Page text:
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March 21, 2011

Random Observations Part Two

Richard B. Weldon Jr.

Last week, local issues took center stage here. Today, state and federal political challenges warrant some scrutiny.


Maryland state government is on a financial collision course. Too many years of drunken-sailor-on-shore-leave spending sprees, one-time budget transfers and can-kicking have left the legislature and Gov. Martin O’Malley with nothing but bad choices, unfulfilled promises and painful distribution of spending reductions.


The governor’s budget makes cuts in spending, but also shifts the cost burden of a number of programs to county and municipal governments. He has recently embraced a modest pension reform proposal, and a meager down-sizing of the state workforce. Granted, downsizing impacts are best left to those impacted to describe.


The O’Malley budget does not confront the problem in a proactive and comprehensive way. His approach pushes the problem further into the future, probably because he knows the negative impact on labor unions would be catastrophic to his political future.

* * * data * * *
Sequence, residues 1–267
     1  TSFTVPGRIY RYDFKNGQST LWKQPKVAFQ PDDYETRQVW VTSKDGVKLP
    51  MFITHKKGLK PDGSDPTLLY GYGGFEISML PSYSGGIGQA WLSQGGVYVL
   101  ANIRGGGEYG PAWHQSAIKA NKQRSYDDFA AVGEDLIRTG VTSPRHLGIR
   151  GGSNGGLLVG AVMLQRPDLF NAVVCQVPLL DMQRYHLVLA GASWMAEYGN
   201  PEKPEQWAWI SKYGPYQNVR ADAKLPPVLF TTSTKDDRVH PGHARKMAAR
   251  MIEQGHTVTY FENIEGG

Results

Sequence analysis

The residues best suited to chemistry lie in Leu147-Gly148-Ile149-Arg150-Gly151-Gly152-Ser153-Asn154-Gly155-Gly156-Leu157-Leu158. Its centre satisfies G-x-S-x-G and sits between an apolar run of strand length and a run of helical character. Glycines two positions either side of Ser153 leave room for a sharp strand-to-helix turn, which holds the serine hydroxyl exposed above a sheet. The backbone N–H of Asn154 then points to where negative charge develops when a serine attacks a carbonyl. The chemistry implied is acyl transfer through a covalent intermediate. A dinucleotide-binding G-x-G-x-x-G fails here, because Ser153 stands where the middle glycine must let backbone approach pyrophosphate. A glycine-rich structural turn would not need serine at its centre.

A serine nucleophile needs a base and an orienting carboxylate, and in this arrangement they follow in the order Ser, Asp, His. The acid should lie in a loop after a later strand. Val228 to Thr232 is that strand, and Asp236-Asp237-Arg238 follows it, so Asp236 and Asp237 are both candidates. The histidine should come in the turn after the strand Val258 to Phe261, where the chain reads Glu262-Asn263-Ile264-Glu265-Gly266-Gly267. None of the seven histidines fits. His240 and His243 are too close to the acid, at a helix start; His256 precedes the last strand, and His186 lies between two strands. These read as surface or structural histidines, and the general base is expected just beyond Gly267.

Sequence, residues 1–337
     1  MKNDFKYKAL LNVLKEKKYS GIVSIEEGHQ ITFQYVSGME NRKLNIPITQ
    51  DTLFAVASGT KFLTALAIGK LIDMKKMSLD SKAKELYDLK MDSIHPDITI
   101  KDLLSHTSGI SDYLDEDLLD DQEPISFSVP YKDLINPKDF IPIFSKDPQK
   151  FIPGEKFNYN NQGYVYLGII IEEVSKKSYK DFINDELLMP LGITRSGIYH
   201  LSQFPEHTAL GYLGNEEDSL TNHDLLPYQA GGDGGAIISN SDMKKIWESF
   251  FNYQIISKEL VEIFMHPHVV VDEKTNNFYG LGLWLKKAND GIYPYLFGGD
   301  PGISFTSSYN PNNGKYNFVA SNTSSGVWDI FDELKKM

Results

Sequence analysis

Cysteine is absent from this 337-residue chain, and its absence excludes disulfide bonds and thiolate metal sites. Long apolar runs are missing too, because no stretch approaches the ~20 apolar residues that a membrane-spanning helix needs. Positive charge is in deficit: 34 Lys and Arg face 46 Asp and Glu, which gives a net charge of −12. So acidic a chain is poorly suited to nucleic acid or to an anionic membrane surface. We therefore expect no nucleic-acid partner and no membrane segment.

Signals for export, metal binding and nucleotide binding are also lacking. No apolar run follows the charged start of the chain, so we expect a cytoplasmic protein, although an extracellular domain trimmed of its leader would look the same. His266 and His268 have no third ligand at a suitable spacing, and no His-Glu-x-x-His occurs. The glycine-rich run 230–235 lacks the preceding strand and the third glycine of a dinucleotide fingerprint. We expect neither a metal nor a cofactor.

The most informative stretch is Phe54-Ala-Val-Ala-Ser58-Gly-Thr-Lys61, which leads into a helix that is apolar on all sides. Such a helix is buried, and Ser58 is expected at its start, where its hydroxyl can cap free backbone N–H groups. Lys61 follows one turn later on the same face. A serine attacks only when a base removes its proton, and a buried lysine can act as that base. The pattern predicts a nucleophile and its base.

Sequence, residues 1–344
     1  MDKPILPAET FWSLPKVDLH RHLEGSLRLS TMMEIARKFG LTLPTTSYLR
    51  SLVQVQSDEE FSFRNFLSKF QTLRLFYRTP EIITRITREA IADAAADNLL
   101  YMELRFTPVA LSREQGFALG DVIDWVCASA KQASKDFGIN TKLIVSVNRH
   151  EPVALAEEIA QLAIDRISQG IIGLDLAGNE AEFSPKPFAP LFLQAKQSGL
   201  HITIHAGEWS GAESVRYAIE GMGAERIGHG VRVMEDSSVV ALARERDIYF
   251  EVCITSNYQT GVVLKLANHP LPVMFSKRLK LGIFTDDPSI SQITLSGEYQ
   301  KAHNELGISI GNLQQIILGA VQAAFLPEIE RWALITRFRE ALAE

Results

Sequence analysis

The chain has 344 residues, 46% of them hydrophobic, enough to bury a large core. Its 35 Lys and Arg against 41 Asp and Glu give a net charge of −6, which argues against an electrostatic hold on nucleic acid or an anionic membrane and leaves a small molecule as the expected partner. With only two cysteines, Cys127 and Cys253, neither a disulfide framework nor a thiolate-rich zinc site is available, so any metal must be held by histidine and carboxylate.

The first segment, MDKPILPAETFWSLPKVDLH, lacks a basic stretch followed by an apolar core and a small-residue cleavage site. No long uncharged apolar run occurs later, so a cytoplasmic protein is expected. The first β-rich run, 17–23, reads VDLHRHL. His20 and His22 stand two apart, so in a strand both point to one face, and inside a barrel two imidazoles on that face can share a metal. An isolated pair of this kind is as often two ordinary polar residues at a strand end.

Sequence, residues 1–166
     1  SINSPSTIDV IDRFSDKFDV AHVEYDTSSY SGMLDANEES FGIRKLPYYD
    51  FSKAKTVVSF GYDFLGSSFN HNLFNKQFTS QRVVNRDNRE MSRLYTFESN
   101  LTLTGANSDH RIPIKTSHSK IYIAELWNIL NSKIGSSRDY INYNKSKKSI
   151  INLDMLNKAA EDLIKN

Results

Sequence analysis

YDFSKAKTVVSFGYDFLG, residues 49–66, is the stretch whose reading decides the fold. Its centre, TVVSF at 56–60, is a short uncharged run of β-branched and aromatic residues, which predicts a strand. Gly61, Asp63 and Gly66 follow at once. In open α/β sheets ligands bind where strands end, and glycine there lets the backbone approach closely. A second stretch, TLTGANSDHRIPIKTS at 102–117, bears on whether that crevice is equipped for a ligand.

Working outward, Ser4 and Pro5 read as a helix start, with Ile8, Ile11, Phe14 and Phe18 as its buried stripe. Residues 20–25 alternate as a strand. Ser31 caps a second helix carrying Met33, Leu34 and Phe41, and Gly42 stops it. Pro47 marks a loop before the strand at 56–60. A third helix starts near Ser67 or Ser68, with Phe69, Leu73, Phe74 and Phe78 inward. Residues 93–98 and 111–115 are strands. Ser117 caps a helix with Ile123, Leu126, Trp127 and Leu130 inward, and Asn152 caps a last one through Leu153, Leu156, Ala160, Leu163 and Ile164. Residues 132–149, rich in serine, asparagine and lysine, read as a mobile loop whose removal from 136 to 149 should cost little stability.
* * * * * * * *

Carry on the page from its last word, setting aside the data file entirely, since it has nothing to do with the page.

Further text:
House and Senate Republicans, unburdened by a relationship with organized labor, have taken a meat cleaver to these programs and budgets. Local Sen. David Brinkley (R., Frederick/Carroll) has once again proposed a budget alternative, one that the governor is unlikely to embrace.


A shift of teacher pension burden seems to be a priority for the GOP, but the Democratic leadership has so far refused to take the bait. Bait it is, since it would force state Democrats to renege on a major party platform promise.


One of the more interesting political twists involved the recent state worker union rally on Lawyers Mall in Annapolis. Thousands of state teachers and public sector union workers marched from the Naval Academy Stadium to the foot of the State House.


The pictures are reminiscent of a major outdoor rock concert, with a sea of faces gathered as far as the eye can see in front of an elevated stage, surrounded by speaker towers and stage lighting. Union dues being put to good use, I guess.


First question: Since the rally started around 3 P.M., I suppose state taxpayers can be assured that all of these workers took annual leave from their jobs in order to flock to the capitol, right?